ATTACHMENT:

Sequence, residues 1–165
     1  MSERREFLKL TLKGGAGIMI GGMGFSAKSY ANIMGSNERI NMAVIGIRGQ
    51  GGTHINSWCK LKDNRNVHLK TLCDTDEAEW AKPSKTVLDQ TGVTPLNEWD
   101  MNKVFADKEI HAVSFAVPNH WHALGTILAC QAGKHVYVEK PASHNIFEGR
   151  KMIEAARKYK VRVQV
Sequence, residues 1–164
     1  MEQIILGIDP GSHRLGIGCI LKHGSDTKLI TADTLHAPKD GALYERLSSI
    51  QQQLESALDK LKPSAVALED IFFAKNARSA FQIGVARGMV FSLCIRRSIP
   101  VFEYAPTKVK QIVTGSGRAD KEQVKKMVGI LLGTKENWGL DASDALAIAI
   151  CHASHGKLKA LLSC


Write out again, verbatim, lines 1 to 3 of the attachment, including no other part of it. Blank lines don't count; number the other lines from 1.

Sequence, residues 1–165
     1  MSERREFLKL TLKGGAGIMI GGMGFSAKSY ANIMGSNERI NMAVIGIRGQ
    51  GGTHINSWCK LKDNRNVHLK TLCDTDEAEW AKPSKTVLDQ TGVTPLNEWD